Attorney General Jeff Sessions has reversed an Obama-era order that allowed victims of domestic abuse and gang violence to seek asylum in the U.S.

Attorney General Jeff Sessions backed his decision by saying asylum was not meant to be a redress for all misfortune.
Image: Mark Reinstein / Shutterstock

Those fleeing domestic abuse and/or gang violence will no longer be able to seek asylum in the U.S.—at least, not if Jeff Sessions has anything to do with it.

On Monday, Sessions reversed an immigration appeals court decision that granted asylum to a Salvadoran woman who said she had been emotionally, physically, and sexually abused by her husband. The controversial decision was made in the wake of mounting pressure from the Trump administration to tighten the nation’s borders.

But as The New York Times points out, hardly any asylum seekers are permitted permanent entry into the U.S. in the first place. Data gathered from the Department of Homeland Security shows that in 2016, for every applicant who succeeded, 10 others failed.

Civics Lesson: The Role of Attorney General

Office of the Attorney GeneralThe role of Attorney General was established in 1870 as part of a law entitled, “An Act to Establish the Department of Justice.” As head of the Department of Justice, the Attorney General has authority over all U.S. Attorneys, U.S. Marshalls, and any other counsel employed on behalf of the government.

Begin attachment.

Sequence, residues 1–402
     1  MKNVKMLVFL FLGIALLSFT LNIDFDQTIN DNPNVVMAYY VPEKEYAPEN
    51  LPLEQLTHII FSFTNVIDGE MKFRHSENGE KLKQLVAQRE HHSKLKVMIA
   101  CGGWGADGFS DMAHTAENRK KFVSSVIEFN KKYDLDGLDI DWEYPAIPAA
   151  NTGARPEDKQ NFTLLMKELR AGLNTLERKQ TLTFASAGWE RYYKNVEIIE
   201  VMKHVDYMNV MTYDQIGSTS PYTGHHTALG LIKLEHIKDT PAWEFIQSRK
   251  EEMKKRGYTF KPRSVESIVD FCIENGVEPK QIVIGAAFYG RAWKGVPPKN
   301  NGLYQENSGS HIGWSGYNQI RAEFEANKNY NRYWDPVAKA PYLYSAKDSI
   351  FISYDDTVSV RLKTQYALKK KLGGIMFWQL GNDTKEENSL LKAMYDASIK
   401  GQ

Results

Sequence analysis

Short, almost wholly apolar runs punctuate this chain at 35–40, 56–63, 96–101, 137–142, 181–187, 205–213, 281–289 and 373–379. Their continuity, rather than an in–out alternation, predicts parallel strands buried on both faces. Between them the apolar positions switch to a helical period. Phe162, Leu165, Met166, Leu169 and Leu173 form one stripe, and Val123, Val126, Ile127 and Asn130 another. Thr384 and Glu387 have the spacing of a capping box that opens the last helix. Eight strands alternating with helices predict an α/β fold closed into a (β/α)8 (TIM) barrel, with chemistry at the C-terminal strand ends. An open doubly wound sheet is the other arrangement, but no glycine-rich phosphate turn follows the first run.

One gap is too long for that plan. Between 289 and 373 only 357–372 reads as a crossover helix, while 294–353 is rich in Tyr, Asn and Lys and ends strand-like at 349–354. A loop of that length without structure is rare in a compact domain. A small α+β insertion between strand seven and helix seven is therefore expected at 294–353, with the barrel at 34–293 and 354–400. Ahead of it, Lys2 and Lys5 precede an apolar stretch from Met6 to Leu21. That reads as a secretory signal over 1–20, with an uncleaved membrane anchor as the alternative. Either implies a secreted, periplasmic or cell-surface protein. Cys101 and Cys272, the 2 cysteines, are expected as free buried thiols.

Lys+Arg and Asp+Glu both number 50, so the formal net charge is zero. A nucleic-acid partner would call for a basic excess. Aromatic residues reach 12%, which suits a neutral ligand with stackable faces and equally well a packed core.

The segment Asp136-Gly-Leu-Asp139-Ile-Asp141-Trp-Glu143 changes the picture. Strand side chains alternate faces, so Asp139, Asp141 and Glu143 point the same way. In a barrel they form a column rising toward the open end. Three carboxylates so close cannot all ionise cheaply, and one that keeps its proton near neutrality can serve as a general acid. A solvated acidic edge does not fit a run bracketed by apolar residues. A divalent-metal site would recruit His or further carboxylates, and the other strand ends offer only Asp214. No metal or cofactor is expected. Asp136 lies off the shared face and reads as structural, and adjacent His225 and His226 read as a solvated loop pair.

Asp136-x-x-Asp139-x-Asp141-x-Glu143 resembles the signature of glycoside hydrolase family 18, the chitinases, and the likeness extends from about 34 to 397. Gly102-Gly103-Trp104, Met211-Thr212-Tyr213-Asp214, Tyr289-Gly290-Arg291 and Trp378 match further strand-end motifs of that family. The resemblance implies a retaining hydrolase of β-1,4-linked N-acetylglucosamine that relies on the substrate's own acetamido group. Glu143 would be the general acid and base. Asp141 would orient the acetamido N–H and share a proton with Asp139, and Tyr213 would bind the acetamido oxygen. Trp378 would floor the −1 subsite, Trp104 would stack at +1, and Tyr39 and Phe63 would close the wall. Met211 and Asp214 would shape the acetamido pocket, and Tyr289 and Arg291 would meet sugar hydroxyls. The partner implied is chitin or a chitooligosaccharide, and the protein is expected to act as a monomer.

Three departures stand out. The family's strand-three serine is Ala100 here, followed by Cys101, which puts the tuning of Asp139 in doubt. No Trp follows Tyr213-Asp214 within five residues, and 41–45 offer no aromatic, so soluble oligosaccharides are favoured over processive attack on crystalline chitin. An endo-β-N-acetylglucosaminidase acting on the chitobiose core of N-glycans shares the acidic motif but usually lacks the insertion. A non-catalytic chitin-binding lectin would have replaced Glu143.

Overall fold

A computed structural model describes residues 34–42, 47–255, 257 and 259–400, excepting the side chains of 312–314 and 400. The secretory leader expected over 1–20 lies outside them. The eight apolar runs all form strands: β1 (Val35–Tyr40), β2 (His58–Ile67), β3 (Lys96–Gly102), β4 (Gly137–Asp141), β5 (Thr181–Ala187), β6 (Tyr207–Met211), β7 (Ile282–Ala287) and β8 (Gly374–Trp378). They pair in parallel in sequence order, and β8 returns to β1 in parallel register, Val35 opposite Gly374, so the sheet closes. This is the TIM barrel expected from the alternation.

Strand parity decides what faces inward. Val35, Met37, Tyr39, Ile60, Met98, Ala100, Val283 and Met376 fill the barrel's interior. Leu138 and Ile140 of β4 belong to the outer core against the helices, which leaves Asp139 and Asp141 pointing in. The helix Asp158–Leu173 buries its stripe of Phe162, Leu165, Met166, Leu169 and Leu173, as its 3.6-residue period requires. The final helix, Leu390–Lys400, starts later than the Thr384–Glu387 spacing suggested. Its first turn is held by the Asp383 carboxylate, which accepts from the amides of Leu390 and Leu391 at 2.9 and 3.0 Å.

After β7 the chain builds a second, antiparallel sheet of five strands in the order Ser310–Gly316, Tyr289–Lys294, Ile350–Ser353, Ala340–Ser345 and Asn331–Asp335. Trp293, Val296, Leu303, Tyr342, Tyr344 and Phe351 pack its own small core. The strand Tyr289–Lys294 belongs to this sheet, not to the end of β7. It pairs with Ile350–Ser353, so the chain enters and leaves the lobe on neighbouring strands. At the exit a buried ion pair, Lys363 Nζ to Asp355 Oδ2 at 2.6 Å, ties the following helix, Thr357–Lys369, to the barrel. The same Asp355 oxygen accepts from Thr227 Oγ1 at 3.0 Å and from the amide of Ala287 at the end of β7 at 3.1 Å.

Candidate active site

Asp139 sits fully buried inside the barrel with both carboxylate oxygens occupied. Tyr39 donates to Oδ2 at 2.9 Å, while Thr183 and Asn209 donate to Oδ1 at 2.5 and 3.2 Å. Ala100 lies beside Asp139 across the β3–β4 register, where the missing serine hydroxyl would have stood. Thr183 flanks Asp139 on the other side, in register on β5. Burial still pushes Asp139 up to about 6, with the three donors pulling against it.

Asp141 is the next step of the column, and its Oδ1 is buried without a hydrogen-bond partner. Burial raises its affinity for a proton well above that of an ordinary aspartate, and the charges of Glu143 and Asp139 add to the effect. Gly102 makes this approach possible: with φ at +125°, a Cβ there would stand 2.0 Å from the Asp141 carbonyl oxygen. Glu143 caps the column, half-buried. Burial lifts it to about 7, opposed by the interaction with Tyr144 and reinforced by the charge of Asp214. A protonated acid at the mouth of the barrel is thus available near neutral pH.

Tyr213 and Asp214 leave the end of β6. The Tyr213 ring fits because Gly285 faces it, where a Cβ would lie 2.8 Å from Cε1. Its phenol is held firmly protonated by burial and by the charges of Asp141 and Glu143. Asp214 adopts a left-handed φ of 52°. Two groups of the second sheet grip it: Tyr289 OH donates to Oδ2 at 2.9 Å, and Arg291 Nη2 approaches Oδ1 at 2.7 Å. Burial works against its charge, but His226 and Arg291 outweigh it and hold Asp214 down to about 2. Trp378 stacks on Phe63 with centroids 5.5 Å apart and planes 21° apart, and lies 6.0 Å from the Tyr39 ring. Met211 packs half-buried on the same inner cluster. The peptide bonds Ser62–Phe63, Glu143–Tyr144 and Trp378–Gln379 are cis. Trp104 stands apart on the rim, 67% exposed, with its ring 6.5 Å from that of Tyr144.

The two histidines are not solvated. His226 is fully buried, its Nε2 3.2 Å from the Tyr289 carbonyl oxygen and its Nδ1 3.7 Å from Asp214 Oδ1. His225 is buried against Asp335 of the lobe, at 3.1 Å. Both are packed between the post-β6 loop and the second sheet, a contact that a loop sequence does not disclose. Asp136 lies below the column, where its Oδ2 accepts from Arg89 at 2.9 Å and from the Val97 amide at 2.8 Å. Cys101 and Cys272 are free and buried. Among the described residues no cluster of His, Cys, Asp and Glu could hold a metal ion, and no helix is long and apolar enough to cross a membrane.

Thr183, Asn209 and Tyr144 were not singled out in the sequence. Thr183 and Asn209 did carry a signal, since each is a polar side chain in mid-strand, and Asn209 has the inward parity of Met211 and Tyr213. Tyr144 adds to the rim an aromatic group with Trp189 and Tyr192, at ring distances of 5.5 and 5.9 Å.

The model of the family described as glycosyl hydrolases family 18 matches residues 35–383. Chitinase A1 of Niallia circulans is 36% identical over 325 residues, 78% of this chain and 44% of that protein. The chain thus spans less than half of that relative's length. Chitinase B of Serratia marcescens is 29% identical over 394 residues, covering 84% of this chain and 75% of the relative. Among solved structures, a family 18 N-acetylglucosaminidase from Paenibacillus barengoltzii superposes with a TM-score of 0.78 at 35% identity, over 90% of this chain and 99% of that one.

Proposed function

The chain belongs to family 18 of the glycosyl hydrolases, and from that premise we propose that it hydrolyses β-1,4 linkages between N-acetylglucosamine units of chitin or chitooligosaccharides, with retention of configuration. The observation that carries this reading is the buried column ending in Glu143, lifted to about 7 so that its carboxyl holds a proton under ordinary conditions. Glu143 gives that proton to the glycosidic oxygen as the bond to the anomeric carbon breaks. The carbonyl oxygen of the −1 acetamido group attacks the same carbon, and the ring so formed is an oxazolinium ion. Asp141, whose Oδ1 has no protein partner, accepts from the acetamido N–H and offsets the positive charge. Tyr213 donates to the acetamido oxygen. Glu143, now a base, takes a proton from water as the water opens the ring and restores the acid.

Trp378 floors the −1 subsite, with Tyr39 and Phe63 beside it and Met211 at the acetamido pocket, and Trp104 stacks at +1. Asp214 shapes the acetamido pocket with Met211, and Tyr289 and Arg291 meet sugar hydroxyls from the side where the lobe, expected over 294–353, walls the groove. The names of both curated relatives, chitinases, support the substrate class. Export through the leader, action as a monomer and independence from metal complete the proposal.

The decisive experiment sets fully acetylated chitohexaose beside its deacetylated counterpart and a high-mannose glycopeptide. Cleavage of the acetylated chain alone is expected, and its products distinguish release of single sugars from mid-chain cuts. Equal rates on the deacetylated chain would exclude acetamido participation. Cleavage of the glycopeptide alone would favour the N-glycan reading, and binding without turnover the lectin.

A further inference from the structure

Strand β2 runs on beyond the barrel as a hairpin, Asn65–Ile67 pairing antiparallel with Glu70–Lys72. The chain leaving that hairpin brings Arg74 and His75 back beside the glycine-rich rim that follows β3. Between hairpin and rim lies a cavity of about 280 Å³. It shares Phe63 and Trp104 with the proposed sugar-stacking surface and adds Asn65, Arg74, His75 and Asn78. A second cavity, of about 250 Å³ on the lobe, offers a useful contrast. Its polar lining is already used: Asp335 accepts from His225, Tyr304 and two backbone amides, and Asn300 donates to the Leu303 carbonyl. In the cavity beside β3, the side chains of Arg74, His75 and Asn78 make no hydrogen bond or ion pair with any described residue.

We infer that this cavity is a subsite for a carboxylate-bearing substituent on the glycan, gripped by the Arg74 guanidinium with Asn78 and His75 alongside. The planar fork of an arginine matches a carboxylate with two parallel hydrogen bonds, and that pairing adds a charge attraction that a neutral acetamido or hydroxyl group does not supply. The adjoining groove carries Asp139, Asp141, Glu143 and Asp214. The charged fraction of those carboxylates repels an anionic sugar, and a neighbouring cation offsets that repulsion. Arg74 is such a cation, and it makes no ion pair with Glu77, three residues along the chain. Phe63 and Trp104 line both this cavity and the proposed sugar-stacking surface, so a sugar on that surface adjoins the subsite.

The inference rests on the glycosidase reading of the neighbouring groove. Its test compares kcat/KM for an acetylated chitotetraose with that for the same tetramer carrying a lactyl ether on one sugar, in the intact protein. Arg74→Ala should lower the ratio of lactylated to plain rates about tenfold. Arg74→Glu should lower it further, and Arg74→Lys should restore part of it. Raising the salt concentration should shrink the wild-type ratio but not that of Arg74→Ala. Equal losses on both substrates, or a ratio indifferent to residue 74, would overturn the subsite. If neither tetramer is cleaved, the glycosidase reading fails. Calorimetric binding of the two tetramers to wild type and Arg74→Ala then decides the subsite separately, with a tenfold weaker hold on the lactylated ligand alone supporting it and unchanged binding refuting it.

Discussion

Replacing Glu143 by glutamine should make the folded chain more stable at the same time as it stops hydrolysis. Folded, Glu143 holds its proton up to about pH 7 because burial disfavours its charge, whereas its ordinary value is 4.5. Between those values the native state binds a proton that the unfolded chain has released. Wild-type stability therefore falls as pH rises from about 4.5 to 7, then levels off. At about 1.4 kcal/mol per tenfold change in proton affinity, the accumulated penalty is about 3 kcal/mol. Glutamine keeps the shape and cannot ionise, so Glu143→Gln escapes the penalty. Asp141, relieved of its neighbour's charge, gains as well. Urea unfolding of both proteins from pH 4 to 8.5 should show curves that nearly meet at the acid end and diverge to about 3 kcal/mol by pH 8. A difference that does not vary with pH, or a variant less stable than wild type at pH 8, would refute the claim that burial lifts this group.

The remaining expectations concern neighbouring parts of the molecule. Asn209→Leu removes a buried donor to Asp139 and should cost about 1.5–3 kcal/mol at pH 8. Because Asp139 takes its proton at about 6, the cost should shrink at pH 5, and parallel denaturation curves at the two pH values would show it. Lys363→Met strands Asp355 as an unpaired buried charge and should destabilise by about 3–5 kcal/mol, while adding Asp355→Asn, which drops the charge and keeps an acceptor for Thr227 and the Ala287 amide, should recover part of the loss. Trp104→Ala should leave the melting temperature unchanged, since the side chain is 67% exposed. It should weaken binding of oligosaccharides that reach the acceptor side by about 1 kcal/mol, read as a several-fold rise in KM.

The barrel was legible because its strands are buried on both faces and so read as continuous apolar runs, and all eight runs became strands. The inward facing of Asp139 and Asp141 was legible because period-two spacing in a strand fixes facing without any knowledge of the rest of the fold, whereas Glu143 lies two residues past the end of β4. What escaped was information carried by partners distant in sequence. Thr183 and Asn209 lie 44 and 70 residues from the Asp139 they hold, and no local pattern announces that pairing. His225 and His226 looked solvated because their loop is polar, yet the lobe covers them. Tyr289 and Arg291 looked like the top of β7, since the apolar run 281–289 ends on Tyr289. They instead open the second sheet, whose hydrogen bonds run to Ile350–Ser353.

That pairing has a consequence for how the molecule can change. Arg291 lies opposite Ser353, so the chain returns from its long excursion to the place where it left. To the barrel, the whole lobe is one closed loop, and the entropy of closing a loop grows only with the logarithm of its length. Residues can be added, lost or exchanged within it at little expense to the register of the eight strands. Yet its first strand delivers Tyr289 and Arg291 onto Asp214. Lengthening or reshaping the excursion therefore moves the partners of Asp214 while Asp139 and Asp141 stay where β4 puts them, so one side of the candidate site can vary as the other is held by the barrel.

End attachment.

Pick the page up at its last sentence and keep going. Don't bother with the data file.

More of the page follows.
The Attorney General’s purpose is to oversee the operation of the Department of Justice, which includes all other organizations under its purview. The Drug Enforcement Administration, Bureau of Alcohol, Tobacco, Firearms and Explosives, Bureau of Prisons, Federal Bureau of Investigation, Office of Justice Programs, and the U.S. Attorneys and U.S. Marshals Service all fall within the Department of Justice.

Image: Paul Brady Photography / 

Even so, Sessions remained adamant that the Obama administration created “powerful incentives” for immigrants to “come here illegally and claim a fear of return.” In a speech given prior to the ruling, Sessions claimed that the number of people who reported a legitimate fear of persecution jumped from 5,000 in 2009 to 94,000 in 2016.

“An alien may suffer threats and violence in a foreign country for any number of reasons relating to her social, economic, family or other personal circumstances,” Sessions wrote in his ruling. “Yet the asylum statute does not provide redress for all misfortune.”

Naturally, the decision drew ire from immigrants’ rights groups and domestic violence organizations. Karen Musalo, a defense lawyer on the case, contends that it is a step backward.

“What this decision does is yank us all back to the Dark Ages of human rights and women’s human rights and the conceptualization of it,” said Musalo, who is also the director of the Center for Gender and Refugee Studies at the University of California Hastings College of the Law.

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